With three sets of brothers playing last spring, the PLU men’s lacrosse team didn’t lack chemistry.
Attackers Kepa ’05 and Josu ’08 Zubizarreta, utilityman Wes Telyea ’06 and defender John Telyea ’09 and midfielders David ’06 and Kevin ’09 Rose all say they love having each other as teammates.
“We get more time hanging out, and we can return to our roots of playing sports together,” said Kepa Zubizarreta. He and his brother, Josu, have played other sports together since they were kids.
Kevin Rose said he came to PLU because of his brother. “He’s the guy I always look to and I’m the guy he always looks to,” Kevin said. “Just to have that encouragement is awesome.”
- By Trista Winnie, The Mast
The Krebs family knows PLU well – with all seven of Keith and Kathy Krebs’ children having attended the university.
Ranging from football and basketball to the nursing program and liberal arts, the children – Sandra Krebs ’82, Kurt Krebs ’85, Karla (Krebs ’86) Houk, Erik Krebs ’89, Brock Krebs ’90, Stephanie (Krebs ’92) Gomsrud and Rachel (Krebs ’97) Foster – all had different reasons for choosing PLU.
Stephanie said that while her siblings influenced her decision to go to the university, it wasn’t the only factor. “I was number six in the family, so I got to know the university well,” she said. “It’s a well-rounded school with a lot of good things to offer.”
Like father, like daughter
The Rev. John Cockram ’68 and his daughter, Kacey (Cockram ’96) Hahn, are the only known set of father and daughter University Congregation presidents to serve at PLU.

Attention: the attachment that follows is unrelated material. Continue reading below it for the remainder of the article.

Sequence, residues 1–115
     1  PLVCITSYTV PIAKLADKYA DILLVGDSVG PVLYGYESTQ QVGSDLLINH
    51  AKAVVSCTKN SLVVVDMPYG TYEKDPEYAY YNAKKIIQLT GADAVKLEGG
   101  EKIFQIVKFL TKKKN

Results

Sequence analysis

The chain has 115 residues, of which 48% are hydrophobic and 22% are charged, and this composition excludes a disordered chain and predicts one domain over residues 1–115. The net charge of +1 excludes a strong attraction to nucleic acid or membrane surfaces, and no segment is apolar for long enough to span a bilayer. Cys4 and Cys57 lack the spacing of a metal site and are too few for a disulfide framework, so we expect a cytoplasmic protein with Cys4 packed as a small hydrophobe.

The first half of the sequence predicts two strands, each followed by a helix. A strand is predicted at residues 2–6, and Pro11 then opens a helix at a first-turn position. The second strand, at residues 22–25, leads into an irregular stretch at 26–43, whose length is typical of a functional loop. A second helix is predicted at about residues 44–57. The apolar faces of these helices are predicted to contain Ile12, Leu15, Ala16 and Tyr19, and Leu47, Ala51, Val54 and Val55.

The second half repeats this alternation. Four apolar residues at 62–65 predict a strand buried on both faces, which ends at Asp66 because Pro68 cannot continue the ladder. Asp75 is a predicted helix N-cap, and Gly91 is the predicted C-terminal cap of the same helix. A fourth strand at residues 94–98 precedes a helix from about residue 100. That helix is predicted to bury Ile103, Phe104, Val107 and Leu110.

Being president played an important role in Hahn’s time at PLU and in her career in the ministry. “It was one of my best decisions,” she said. “It was kind of a renaissance for me. I fell in love with the church.”
Hahn, who checked out a number of small liberal arts colleges before deciding on PLU, said that while her father influenced her decision, he was not the main reason she came to the university. “My dad didn’t pressure me at all,” she said. “When I came to PLU, it just felt like home.”
Following in her father’s footsteps once again, Hahn is now an intern pastor in Flagstaff, Ariz. Her father is a pastor in Sun City, Ariz.
Brothers Adam ’05 and Matt ’01 Nichols are just one of the 48 sets of brothers who played football under legendary former head coach Frosty Westering.
While the two weren’t on the field at the same time – Matt graduated just one year before Adam arrived – the way the program is run stands out to both of them.
“You leave here with so much more than just football,” Adam said. “You learn how to be a better person.”
Adam, who played football for a few years in high school before switching to baseball, said his brother guided him with positive encouragement and helped him prepare to be able to play on PLU’s team.
He added that his brother’s experience with football is definitely the reason he chose to attend PLU. “I saw the impact that the program had on his life,” he said.